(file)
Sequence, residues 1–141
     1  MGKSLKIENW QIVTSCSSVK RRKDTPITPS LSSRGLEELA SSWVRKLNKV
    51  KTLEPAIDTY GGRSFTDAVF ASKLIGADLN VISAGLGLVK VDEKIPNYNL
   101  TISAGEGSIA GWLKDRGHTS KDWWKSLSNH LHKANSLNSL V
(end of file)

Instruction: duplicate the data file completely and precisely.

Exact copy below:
Sequence, residues 1–141
     1  MGKSLKIENW QIVTSCSSVK RRKDTPITPS LSSRGLEELA SSWVRKLNKV
    51  KTLEPAIDTY GGRSFTDAVF ASKLIGADLN VISAGLGLVK VDEKIPNYNL
   101  TISAGEGSIA GWLKDRGHTS KDWWKSLSNH LHKANSLNSL V